Container ship Ever Given removed from the shallows in the Suez Canal

The ship has been blocking traffic along one of the world’s most important transport arteries for almost a week. The tugs will place the vessel in a position that will allow it to resume movement.

Rescue teams have floated the container ship Ever Given in the Suez Canal, which has been blocking traffic along this key transport artery for almost a week. “The MV Ever Given has been successfully lifted and is currently being floated,” shipping company Inchcape Shipping Services said on its Twitter microblog on Monday 29 March.

Earlier, the management company of the Suez Canal SCA announced the resumption of rescue operations. The tugs are currently trying to position the giant vessel in a position that will allow it to resume movement along the canal. How long it will take is not yet clear.

On the way to the canal, more than 450 ships have already accumulated, awaiting passage. Each day of channel downtime costs the global economy $ 9 billion. Some ships have already decided to take a much longer detour to Europe – around Africa.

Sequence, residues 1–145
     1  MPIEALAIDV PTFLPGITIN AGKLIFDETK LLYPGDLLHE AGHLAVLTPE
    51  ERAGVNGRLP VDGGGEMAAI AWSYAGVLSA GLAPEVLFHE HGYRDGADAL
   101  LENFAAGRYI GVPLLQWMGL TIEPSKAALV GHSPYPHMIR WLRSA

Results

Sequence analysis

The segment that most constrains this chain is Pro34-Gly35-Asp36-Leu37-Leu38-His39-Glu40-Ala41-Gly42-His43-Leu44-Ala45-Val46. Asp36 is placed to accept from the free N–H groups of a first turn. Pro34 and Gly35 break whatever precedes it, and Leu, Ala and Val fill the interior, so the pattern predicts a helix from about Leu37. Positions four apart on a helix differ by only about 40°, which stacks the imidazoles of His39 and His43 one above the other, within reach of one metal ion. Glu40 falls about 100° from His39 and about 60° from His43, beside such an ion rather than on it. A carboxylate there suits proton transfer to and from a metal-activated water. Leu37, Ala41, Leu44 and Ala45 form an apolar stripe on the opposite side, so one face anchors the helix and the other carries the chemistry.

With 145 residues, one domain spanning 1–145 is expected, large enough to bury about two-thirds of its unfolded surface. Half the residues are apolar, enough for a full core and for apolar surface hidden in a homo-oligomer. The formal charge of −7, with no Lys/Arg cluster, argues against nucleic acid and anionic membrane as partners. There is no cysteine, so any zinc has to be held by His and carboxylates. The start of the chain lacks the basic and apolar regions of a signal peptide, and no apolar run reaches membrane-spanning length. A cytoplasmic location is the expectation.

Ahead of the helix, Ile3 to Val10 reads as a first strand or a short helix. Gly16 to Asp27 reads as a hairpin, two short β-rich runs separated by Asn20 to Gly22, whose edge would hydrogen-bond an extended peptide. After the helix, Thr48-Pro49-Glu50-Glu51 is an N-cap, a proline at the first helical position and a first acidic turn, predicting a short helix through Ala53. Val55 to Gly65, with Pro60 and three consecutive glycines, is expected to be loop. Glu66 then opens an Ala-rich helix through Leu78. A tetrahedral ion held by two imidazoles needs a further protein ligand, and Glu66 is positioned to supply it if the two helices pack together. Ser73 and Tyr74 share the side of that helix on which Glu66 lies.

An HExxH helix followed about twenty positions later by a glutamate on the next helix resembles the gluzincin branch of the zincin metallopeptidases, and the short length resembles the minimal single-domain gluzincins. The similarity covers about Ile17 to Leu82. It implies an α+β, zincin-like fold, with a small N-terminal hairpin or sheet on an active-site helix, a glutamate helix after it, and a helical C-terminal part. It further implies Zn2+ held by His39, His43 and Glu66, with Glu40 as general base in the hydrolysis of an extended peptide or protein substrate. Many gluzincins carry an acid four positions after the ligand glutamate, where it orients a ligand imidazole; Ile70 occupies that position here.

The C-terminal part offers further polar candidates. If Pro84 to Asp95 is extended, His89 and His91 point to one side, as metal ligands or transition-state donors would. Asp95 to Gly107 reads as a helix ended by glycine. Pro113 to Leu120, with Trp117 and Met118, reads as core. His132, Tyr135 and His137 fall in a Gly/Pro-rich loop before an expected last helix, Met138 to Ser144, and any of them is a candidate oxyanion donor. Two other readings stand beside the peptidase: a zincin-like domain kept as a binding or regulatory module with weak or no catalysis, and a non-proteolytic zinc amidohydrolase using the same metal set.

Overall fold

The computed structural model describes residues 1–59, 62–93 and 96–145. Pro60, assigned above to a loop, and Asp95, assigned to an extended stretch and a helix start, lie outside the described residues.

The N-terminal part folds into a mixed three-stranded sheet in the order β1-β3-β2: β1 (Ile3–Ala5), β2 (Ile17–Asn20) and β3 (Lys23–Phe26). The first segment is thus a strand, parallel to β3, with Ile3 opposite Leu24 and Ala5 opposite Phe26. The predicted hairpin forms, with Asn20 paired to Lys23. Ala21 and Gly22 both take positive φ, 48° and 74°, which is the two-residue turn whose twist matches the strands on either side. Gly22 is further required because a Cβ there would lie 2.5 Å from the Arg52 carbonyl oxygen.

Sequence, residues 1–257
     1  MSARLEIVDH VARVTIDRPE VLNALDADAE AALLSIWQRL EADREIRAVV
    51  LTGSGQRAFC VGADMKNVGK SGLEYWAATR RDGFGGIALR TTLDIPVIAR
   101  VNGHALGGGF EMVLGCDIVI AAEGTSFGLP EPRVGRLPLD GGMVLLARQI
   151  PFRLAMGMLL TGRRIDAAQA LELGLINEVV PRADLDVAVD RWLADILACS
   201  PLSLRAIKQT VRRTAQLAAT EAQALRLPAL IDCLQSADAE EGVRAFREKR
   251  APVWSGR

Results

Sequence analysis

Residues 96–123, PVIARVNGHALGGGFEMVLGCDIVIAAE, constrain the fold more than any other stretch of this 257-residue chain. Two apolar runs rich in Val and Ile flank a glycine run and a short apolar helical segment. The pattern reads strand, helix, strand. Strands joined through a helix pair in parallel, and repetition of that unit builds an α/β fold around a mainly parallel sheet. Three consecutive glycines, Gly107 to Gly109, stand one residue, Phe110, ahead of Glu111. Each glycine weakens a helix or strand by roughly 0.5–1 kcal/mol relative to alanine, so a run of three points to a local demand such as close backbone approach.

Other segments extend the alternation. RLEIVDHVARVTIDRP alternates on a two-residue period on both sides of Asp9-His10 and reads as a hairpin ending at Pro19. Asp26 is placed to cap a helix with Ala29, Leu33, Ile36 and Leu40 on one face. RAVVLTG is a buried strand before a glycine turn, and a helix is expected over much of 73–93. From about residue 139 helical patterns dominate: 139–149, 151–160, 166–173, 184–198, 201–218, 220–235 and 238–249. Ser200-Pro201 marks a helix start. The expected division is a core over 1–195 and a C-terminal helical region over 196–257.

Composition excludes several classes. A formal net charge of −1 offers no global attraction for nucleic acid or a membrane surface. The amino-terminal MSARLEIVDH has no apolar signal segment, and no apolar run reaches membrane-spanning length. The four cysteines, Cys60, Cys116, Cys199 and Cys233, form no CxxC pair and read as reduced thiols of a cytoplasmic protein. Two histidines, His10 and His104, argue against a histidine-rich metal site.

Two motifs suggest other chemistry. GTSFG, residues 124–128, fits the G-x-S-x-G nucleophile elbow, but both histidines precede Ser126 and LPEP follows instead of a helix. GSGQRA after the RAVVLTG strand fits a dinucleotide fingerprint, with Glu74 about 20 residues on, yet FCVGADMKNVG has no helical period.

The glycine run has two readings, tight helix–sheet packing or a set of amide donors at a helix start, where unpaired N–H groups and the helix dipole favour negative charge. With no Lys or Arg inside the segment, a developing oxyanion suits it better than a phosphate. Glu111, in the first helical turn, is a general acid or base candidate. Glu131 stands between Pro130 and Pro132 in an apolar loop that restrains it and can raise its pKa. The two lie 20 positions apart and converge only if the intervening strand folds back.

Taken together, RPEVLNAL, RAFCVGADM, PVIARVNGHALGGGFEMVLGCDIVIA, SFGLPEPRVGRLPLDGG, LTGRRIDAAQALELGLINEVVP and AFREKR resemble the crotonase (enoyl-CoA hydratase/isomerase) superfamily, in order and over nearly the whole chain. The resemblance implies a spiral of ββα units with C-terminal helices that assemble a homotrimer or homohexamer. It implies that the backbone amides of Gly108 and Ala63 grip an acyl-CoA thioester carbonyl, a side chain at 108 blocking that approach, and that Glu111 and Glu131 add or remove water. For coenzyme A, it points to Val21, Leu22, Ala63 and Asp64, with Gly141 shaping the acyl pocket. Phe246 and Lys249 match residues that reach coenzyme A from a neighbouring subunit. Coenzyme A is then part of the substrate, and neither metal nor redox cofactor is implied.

The container ship Ever Given was removed from the shallows after about 27 thousand cubic meters were removed by dredgers. m of sand in which the ship is stuck.

Why the container ship Ever Given ran aground

The 400 meter long and 59 meter wide Triple E container ship Ever Given, en route from China to Rotterdam, ran aground in the southern part of the Suez Canal. On the night of March 24, he completely blocked traffic in both directions. The Taiwanese company Evergreen, which chartered the container ship, said the incident was due to weather conditions.

The official reason why Ever Given ran aground, however, has not yet been named. Bernhard Schulte Shipmanagement says their preliminary investigations rule out mechanical or motor failure. At the same time, there is also evidence that just at the time of the incident in the Suez Canal, another large cargo ship carrying about 20,000 containers had a power outage, AP reported.

About 12 percent of the world’s trade traffic passes through the Suez Canal. In 2019, about 19 thousand ships passed through it. The Suez Canal is 193 kilometers long. This is the shortest route from Asia to Europe and back and the most important corridor for oil supplies to Europe.

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